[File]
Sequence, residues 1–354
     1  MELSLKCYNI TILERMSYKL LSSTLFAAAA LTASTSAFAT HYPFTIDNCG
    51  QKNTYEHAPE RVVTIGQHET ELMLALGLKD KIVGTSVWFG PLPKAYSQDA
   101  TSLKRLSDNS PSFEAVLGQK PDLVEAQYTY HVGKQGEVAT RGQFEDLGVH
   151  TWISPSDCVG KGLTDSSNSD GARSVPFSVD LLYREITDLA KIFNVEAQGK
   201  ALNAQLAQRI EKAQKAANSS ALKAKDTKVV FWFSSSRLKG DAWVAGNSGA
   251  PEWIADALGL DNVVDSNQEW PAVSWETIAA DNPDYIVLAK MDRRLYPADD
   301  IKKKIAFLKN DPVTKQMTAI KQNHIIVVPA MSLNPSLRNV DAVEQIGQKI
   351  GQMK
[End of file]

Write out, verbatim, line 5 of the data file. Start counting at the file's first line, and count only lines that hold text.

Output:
   151  TWISPSDCVG KGLTDSSNSD GARSVPFSVD LLYREITDLA KIFNVEAQGK